AMES Australia has celebrated 70 years of work supporting migrants and refugees to settle in Australia.
More than a hundred staff, volunteers, stakeholders and supporters attended a gala dinner, held at the Immigration Museum, to mark the occasion.
Keynote speaker the Victoria Minister for Skills and Training and Higher Education Gayle Tierney spoke of AMES ‘vital work’ in supporting the creation of Australia’s multicultural society.
AMES Chair Start Crosby told the gathering how “over the years AMES Australia has quietly become part of the fabric of Victoria and Australia”.
“So many migrant families in Victoria have found stories about the support they received from AMES,” Mr Crosby said.
“The professionalism and dedication of our staff, volunteers and partners, has been critical to our work, and I want to thank everyone who has contributed over seventy years.” Mr Crosby said.
From humble beginnings teaching English to new arrivals in makeshift Nissen Huts at Bonegilla, AMES Australia has grown into one of Australia’s leading settlement agencies, delivering services to more than 30,000 clients and touching the lives of more than 250,000 people from multicultural communities each year.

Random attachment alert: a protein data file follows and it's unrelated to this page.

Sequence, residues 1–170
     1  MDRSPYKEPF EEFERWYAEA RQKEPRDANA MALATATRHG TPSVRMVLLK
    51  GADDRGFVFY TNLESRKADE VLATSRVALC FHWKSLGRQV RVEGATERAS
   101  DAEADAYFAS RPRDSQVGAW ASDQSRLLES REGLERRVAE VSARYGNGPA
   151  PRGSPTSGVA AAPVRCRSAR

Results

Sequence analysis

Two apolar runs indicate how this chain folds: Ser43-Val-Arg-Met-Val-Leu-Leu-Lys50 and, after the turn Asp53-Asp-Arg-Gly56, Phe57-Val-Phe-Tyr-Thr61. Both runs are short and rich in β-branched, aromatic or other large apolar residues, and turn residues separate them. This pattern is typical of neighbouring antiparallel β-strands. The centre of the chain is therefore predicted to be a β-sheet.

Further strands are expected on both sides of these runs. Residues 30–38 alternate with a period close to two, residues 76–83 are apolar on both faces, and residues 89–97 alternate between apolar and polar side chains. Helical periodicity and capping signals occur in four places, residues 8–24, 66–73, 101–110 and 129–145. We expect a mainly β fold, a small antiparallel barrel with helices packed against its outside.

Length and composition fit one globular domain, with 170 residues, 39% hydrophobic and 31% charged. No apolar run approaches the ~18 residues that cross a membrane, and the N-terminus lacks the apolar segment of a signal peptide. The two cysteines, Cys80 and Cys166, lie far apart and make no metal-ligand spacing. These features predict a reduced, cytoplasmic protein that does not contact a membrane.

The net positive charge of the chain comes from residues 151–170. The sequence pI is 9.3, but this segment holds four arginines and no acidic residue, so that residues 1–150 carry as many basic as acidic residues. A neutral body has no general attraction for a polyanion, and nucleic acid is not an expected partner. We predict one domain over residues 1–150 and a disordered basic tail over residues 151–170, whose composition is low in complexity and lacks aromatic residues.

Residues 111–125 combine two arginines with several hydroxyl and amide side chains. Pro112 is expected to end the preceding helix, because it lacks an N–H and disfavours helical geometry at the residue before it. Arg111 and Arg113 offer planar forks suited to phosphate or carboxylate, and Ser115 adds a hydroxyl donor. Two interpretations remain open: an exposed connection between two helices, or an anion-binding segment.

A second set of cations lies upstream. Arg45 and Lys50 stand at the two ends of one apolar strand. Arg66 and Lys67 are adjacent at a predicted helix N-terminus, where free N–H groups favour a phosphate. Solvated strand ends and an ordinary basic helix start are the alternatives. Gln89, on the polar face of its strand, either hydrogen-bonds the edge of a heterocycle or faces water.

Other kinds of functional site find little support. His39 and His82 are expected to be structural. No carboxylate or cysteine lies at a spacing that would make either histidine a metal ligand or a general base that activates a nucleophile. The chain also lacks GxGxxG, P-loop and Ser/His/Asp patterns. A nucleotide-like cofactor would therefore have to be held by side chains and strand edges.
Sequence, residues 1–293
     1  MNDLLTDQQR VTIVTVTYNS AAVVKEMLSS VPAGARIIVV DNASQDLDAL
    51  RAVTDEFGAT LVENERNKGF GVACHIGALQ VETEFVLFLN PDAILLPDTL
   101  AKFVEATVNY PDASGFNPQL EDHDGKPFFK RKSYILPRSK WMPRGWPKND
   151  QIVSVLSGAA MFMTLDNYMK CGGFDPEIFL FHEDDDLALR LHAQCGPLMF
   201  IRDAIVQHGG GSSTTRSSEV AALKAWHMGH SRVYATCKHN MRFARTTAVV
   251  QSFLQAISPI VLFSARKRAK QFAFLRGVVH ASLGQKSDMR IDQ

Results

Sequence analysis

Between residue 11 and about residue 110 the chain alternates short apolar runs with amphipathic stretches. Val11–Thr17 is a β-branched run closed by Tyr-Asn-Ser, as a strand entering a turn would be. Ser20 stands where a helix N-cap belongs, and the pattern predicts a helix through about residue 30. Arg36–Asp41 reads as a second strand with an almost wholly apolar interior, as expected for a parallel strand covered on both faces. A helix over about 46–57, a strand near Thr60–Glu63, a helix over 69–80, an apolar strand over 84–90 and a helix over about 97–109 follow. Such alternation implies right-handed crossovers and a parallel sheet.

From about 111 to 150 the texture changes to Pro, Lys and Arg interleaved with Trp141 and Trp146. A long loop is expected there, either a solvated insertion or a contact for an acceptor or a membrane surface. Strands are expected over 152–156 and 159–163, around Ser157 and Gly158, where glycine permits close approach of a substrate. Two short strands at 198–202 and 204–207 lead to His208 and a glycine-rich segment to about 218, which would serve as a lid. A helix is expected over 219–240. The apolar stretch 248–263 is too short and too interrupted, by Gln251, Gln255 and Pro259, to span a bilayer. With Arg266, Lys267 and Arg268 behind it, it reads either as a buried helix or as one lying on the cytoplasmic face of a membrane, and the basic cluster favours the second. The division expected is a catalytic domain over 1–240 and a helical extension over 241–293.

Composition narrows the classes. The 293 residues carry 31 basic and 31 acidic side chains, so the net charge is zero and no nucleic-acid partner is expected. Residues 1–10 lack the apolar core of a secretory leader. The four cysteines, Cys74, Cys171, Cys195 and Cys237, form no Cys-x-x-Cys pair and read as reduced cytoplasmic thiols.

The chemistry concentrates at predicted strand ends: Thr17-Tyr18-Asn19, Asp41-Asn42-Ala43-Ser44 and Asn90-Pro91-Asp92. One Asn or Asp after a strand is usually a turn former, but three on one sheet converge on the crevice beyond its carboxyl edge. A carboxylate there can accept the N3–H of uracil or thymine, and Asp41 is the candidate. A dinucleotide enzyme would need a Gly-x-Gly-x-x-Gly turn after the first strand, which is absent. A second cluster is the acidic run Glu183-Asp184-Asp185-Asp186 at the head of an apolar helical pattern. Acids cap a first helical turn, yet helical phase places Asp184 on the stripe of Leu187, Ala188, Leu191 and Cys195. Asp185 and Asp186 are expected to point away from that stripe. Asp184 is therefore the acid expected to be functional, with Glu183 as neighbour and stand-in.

Formally established in 1951, the organisation’s original mission of teaching English to new migrants has grown to include humanitarian settlement, employment services and community development programs. The first AMES services were delivered this week in 1952
AMES Australia was an integral part of the birth of multiculturalism, a term that was new in the 1970s but which now is accepted as an accurate description of the cultural and ethnic diversity of contemporary Australia.
The organisation’s programs are aimed at fostering a sense of belonging among our clients and they recognise that social and economic participation are key ingredients in maintaining social cohesion.